0x404BC0        lw      $v0, -0x7FC4($gp)  # std::list<int,std::allocator<int>>::front(void)
0x404BC4        move    $t9, $v0
0x404BC8        jalr    $t9
0x404BCC        or      $at, $zero
0x404BD0        lw      $gp, 0x70+gp_base($fp)
0x404BD4        lw      $v0, 0($v0)
0x404BD8        sw      $v0, 0x70+bit3($fp)
0x404BDC        lui     $v0, 0x42
0x404BE0        addiu   $a0, $v0, (uinput_bitlist - 0x420000)
0x404BE4        lw      $v0, -0x7FBC($gp)
0x404BE8        move    $t9, $v0
0x404BEC        jalr    $t9              # std::list<int,std::allocator<int>>::pop_front(void)
0x404BF0        or      $at, $zero
0x404BF4        lw      $gp, 0x70+gp_base($fp)
0x404BF8        addiu   $v0, $fp, 0x70+var_34
0x404BFC        move    $a0, $v0
0x404C00        lw      $a1, 0x70+bit1($fp)
0x404C04        lw      $a2, 0x70+bit2($fp)
0x404C08        lw      $a3, 0x70+bit3($fp)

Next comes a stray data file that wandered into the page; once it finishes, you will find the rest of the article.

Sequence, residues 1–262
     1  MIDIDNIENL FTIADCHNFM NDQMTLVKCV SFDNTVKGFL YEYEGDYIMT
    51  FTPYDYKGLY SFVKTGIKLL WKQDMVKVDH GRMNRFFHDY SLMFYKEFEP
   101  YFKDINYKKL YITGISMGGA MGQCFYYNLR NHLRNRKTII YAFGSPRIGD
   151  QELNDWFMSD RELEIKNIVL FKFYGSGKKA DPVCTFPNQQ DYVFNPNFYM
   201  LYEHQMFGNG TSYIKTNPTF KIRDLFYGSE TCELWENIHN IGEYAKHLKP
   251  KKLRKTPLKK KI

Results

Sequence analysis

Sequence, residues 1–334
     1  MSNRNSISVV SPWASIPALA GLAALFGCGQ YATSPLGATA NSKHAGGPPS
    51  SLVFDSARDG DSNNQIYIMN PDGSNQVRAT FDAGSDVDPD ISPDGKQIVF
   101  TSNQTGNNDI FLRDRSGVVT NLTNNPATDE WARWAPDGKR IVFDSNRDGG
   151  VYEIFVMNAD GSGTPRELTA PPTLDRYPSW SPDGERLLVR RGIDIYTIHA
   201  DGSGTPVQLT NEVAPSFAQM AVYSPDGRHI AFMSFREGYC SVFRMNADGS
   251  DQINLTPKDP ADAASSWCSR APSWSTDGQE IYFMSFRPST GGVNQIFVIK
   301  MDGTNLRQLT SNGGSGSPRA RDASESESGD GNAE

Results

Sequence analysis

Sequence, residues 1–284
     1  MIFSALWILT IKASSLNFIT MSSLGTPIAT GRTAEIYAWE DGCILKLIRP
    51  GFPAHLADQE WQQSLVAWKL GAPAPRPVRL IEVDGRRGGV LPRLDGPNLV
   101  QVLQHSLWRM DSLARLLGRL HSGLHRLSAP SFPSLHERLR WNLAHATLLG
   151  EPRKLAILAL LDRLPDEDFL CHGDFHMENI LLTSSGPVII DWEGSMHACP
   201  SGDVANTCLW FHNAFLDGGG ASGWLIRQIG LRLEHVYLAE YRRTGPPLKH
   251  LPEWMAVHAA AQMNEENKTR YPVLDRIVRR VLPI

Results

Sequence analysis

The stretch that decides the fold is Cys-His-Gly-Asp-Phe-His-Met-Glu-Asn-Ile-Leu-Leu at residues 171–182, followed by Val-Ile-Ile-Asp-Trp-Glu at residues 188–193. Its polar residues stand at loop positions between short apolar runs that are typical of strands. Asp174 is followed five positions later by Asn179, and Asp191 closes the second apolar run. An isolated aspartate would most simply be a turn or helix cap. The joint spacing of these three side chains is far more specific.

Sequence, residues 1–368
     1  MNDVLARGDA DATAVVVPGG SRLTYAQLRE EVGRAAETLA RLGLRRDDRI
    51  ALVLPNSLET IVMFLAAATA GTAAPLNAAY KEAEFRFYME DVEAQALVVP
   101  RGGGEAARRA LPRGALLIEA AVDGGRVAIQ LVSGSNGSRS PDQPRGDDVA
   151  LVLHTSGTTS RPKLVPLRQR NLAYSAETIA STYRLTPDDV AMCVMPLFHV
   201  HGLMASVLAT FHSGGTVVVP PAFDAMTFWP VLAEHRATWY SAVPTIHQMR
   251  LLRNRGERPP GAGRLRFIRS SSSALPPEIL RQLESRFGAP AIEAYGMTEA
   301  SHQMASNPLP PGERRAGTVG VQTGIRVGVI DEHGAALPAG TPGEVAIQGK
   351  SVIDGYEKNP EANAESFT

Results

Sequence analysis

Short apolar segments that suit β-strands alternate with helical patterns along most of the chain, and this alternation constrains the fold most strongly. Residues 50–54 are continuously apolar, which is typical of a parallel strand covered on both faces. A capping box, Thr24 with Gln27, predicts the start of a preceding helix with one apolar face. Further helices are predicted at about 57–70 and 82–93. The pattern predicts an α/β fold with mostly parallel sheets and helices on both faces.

0x404C0C        lw      $v0, -0x7FD0($gp)
0x404C10        move    $t9, $v0
0x404C14        jalr    $t9              # Wires::Wires(int,int,int)
0x404C18        or      $at, $zero
0x404C1C        lw      $gp, 0x70+gp_base($fp)
0x404C20        addiu   $v1, $fp, 0x70+wire_vector
0x404C24        addiu   $v0, $fp, 0x70+var_34
0x404C28        move    $a0, $v1
0x404C2C        move    $a1, $v0
0x404C30        lw      $v0, -0x7FA4($gp)
0x404C34        move    $t9, $v0
0x404C38        jalr    $t9              # std::vector<Wires,std::allocator<Wires>>::push_back(Wires const&)
0x404C3C        or      $at, $zero
0x404C40        lw      $gp, 0x70+gp_base($fp)
0x404C44 loc_404
0x404C44        lw      $v0, 0x70+j($fp)
0x404C48        addiu   $v0, 1
0x404C4C        sw      $v0, 0x70+j($fp)
0x404C50 loc_404
0x404C50        lw      $v0, 0x70+j($fp)
0x404C54        sltiu   $v0, 0x38
0x404C58        bnez    $v0, loc_404AB8
0x404C5C        or      $at, $zero

The aforementioned process of turning uinput_bits into a vector of Wires objects is repeated until there are 0x38 elements in the vector. This most likely hints us towards the length of the flag: For the vector to reach length 56 (assuming no padding), we need to feed the binary 168 bits (21 bytes) of data. Anything beyond that limit will simply be ignored.